Having said this, its almost a fact that we are never remote from an eventual crash. According to the latest projections, the world population is expected to be 11 billion by 2100. Demographers have their task cut out. They have devised what is called TFR ( total fertility rate) to compare the population growth in various places. What we observe is that if in certain places, the TFR is hovering below 2 and which may be less than what is required to replace the existing population. However, some of the poorest regions continue to have a very high TFR. This underlines the fact that, number of children a family prefers, remain linked to its economic status. On the other hand, the countries facing negative population growth is staring at another difficult scenario. As they move forward fewer people will be working to support the large aged population.
The world of the future
As we stand in 2018, it appears that the world has two population problems. On the one hand, there is an explosion happening in many places while the trend is depressing at many other places. It may also be certain that in the future many youngsters may choose not to have children due to various factors. In a world offering myriad new possibilities, they may have many things to indulge in rather than bringing up children. But the big question of whether to have children, how many to have etc are questions each couple have to find answers themselves. I also believe firmly that the world needs to promote adoption also among interested couples as it helps in addressing the issue of millions of orphaned kids too. When they set the size of their families they are deciding the way the future of the world looks like. As Kolbert puts it succinctly,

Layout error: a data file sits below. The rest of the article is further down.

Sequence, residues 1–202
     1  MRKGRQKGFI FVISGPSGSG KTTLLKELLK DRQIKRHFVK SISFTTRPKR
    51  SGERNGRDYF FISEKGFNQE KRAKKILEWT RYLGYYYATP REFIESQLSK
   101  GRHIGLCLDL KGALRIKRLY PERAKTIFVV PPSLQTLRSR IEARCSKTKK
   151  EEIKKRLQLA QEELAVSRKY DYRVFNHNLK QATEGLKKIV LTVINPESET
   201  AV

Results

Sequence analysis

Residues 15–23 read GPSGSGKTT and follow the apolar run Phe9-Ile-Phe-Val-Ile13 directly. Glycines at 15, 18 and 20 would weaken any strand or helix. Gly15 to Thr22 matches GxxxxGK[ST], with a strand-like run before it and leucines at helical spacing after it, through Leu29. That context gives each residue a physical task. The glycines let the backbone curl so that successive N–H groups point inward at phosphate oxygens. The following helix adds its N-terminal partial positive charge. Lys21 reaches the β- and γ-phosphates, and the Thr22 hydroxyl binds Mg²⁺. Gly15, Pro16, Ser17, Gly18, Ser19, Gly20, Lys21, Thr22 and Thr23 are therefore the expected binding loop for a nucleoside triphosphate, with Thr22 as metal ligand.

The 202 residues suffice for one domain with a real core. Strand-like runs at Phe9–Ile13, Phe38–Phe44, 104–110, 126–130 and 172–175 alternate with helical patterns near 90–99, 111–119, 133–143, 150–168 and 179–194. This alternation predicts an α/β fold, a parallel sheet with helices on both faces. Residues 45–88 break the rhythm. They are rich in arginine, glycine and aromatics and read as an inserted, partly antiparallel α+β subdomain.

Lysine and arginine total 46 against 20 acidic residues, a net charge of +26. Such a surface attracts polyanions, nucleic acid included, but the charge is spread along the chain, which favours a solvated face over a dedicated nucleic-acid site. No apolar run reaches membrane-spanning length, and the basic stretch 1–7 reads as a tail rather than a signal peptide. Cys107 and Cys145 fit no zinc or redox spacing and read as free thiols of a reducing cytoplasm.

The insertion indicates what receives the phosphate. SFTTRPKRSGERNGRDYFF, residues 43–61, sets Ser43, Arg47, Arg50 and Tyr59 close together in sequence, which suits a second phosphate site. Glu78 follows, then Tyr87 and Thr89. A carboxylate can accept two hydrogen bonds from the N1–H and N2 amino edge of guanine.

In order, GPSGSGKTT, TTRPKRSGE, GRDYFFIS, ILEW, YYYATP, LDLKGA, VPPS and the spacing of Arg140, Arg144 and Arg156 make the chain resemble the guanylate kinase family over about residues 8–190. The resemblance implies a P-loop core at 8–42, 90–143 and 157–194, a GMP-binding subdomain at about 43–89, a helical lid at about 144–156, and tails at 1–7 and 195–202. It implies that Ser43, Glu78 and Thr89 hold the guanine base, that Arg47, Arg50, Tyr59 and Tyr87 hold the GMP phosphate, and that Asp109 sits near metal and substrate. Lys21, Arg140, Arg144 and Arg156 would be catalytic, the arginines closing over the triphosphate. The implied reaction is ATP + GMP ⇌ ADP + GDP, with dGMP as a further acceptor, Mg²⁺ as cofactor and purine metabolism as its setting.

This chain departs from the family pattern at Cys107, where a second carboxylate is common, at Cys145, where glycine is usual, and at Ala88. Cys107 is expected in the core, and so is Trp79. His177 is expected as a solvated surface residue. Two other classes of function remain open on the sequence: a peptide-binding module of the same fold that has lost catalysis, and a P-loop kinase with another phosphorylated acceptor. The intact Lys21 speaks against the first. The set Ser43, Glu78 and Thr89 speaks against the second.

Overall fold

a choice about how many diapers you want to change in the short term versus how many Mother’s Day cards you hope to receive later on.
The question on children will remain an ethical one. Whatever is the answer, none will be able to escape from the truth. However unpleasant it is, one has to face it. See what Malthus himself wrote.
The most baleful mischiefs may be expected from the unmanly conduct of not daring to face truth because it is unpleasing.
For those interested to go after the big population question here the link for Kolbert’s essays.